Also defiant, and in a more programmatic way, is Evans’ Jena 6. Performed by Tarbaby’s core trio, it’s more mournful and less fierce than the version heard on Evans’ big-band recording.
While they may not be so explicit in their politics, covers of pieces by Sam Rivers (Unity) and Andrew Hill (Tough Love), as well as Oliver Lake’s urgent, start-and-stop swinger November ’80 are similarly spirited. In a similar vein, Revis’ Brews is, in fact, a blues and a waltzing, fractured one at that.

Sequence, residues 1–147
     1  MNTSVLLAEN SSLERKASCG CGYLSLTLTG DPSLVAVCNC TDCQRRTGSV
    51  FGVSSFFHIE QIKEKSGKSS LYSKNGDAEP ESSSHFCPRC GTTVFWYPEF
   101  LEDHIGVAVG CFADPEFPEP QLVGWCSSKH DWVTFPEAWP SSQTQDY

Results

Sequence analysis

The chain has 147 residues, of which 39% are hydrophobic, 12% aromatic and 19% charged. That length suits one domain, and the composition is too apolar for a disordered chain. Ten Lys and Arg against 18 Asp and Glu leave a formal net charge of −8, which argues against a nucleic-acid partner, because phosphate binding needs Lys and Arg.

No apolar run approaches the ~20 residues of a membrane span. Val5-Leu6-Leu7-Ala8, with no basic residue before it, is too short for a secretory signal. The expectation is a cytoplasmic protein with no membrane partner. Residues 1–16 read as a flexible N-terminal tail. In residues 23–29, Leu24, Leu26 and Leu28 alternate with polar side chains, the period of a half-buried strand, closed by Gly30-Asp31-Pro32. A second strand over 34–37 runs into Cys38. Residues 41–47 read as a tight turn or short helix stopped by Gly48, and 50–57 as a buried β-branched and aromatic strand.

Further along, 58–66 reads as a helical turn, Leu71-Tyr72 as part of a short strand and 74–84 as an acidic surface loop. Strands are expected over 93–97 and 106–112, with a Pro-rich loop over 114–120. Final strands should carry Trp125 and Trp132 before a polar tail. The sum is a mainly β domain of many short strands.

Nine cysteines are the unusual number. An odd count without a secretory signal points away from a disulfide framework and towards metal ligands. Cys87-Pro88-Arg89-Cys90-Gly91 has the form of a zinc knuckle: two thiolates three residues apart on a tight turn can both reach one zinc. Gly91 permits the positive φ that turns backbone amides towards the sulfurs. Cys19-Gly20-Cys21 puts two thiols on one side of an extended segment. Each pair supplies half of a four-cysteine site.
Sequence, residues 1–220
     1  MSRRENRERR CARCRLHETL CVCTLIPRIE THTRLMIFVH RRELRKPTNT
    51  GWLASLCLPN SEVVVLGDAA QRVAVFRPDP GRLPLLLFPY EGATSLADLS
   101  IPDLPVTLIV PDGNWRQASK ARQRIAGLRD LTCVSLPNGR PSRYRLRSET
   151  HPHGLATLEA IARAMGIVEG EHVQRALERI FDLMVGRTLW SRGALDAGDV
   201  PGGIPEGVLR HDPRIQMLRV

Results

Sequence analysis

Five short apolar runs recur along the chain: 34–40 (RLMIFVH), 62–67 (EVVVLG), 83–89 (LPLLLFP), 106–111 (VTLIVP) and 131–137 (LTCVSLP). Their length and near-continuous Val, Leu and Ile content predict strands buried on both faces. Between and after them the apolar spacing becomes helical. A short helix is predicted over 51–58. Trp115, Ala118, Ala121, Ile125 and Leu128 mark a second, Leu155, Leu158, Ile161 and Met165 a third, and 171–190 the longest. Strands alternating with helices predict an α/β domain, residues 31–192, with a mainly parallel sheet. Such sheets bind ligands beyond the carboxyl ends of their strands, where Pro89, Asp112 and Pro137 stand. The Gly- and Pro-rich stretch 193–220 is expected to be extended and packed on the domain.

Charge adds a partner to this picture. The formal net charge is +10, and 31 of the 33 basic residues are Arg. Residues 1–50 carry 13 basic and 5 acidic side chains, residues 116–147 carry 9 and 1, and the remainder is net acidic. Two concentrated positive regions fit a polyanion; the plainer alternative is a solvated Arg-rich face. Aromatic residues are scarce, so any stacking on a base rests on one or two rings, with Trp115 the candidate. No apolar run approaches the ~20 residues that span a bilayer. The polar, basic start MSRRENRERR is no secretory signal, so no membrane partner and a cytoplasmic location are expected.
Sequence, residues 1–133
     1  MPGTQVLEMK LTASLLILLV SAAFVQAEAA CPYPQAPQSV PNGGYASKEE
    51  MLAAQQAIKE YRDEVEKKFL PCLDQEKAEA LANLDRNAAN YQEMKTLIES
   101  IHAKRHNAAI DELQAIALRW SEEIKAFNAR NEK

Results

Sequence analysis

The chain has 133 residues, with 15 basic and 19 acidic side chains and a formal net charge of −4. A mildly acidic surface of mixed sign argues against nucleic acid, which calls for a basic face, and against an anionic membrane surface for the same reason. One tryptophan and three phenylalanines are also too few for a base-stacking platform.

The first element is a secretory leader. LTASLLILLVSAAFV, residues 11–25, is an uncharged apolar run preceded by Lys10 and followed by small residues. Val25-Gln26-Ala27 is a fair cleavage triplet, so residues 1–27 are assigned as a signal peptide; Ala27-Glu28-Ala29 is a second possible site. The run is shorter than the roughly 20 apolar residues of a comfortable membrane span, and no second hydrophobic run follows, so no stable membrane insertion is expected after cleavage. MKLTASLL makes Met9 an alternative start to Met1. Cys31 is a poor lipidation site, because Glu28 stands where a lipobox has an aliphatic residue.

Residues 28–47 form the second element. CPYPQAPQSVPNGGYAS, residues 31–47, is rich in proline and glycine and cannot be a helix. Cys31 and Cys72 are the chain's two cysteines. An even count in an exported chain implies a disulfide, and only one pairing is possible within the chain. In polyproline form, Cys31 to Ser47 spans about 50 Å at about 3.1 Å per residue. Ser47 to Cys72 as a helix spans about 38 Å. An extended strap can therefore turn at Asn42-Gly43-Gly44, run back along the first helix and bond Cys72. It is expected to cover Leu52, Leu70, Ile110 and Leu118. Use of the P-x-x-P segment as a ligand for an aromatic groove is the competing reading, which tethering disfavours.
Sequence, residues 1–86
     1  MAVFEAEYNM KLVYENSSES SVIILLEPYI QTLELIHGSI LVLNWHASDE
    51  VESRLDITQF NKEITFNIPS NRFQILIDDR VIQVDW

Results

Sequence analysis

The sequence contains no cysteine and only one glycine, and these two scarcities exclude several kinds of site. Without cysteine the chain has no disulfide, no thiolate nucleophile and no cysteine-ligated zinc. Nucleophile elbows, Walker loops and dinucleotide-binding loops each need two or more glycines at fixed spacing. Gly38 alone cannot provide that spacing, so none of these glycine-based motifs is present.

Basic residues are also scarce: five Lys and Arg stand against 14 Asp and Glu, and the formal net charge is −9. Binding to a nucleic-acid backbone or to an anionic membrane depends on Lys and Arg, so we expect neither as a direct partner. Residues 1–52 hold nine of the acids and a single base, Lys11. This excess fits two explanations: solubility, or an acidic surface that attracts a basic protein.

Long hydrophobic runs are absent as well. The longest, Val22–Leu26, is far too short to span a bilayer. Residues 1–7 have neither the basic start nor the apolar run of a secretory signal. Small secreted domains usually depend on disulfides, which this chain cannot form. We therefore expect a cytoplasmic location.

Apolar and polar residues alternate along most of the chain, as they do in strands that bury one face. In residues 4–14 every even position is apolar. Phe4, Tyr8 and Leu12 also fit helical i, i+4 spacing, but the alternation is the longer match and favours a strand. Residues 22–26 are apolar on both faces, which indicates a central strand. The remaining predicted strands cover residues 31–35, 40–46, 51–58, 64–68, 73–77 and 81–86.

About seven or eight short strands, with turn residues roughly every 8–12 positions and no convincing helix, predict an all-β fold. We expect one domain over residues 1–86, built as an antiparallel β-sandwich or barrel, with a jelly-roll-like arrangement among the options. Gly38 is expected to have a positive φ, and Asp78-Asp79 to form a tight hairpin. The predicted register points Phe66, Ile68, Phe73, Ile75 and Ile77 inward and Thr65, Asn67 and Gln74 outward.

In the middle of the CD, there’s a moment of rest when the trio, joined by Allen, offer a melancholy, beautiful reading of Fats Waller’s Lonesome Me, stressing its melody over any flourishes of improvisation.
Hesitation by Waits, which features Payton, begins as a rumbling ballad but grows to be florid and turbulent. Paul Motian’s Abacus provides a wispy, ethereal conclusion for a CD that for much of its duration was spiky, tense and audacious — to the point that it did not sound quite like a Posi-Tone CD.